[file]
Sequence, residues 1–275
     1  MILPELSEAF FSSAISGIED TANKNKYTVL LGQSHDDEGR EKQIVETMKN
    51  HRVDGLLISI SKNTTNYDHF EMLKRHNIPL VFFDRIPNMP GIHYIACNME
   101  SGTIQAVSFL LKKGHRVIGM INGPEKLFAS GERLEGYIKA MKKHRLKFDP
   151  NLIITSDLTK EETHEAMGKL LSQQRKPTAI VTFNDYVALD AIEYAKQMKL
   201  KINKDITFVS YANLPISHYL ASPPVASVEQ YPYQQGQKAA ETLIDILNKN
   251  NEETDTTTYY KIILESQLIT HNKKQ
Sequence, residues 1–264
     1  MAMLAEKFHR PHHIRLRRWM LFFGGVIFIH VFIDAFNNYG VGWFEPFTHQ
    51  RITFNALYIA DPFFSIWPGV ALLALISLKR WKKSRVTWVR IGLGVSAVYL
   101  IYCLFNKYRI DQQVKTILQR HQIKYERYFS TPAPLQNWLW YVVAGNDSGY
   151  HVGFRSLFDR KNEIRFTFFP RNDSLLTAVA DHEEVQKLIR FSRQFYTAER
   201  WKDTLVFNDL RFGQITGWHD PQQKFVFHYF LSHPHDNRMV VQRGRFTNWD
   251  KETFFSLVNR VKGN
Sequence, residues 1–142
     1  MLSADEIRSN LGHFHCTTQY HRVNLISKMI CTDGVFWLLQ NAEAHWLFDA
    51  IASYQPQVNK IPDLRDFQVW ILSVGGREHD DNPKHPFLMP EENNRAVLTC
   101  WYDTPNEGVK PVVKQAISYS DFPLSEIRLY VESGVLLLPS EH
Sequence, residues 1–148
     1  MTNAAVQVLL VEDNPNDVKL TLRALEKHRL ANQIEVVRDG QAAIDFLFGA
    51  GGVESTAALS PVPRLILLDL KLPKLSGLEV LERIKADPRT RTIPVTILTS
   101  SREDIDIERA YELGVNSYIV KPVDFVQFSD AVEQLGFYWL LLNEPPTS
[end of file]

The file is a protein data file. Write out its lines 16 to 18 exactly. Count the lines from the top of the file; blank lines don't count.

     1  MLSADEIRSN LGHFHCTTQY HRVNLISKMI CTDGVFWLLQ NAEAHWLFDA
    51  IASYQPQVNK IPDLRDFQVW ILSVGGREHD DNPKHPFLMP EENNRAVLTC
   101  WYDTPNEGVK PVVKQAISYS DFPLSEIRLY VESGVLLLPS EH